Wild Writer

During the first part of “Wild,” by Cheryl Strayed, I felt as if a woman I didn’t know was sobbing in my arms — repetition, rocking, and rhythmic gasping for breath. An uncomfortable feeling. Not to mention the topic in the first chapters. (I’ve had my own battle with cancer.) I read quickly. The point is, however, that I felt her stark feeling laid bare in poetic and compelling narrative, and she took me to the trailhead right along with her. That’s an outstanding accomplishment for a writer.

Unfortunately, it’s all too easy to become judgmental about Cheryl Strayed. Many online “reviews” are littered with skepticism and derision while the reviewer extols virtuous thoughts about what a “normal” person, presumably like themselves, might do in her situation.

Some of those reviewers scoffing about her “stupidity” for being so unprepared didn’t seem to have the same problem with similar situations in other hiking or adventure memoirs. I can sort of understand this. There were moments when I thought she must be a “bitch.” But quickly realized the connotations and the unfairness. The “had she been a guy” argument. Would a guy seeking sex in the literal and emotional wilderness receive as much condemnation?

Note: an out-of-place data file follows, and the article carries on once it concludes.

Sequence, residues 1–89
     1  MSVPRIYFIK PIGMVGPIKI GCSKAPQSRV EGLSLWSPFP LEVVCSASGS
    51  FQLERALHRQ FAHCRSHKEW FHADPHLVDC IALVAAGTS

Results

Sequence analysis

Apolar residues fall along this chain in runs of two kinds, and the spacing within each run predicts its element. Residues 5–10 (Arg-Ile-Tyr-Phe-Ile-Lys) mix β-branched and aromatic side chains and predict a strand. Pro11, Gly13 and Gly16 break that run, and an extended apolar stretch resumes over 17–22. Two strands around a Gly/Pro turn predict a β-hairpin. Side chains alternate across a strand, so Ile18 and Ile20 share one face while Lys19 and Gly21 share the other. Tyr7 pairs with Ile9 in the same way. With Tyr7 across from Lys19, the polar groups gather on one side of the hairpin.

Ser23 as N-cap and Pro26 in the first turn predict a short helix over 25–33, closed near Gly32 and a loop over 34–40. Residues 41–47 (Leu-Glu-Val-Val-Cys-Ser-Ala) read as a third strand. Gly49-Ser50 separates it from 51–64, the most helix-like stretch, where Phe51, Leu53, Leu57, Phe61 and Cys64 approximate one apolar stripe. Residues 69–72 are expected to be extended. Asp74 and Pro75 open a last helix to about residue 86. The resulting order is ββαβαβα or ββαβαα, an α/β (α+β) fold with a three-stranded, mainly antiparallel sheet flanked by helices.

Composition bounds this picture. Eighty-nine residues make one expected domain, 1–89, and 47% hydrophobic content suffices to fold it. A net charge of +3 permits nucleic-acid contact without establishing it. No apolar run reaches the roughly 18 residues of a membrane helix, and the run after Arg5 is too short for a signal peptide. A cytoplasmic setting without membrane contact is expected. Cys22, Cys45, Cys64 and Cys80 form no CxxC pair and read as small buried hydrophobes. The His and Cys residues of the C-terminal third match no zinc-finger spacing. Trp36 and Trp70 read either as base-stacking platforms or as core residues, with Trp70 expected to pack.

What I do know is that I found nothing “unrealistic” about her hike. I’ve climbed mountains from Alaska to Colombia and am an experienced wilderness hiker. All of what she writes rings true. Does she manipulate scenes to suit literary needs. Of course. That’s what writers do. (I did the same thing in my nonfiction story “The Wells Creek Route,” nominated for a Pushcart Prize. Does my mention of it here make me “self-absorbed?”)

The writing is brilliant, and she had the courage to take us along describing things she likely knew would receive derisive comments. Bad reviews come with the territory. There have always been critics. What’s relatively new, I suppose, is that schmucks like me can “publish” them. Some two and three star reviews are honest appraisals of a mismatch between writer and reader. Others seem bitter and misguided. Makes me wish I hadn’t read them before I wrote this. What should have been a celebration, on my part, of an outstanding book, turned out to sound like something from the comment section of a partisan political “rag.”

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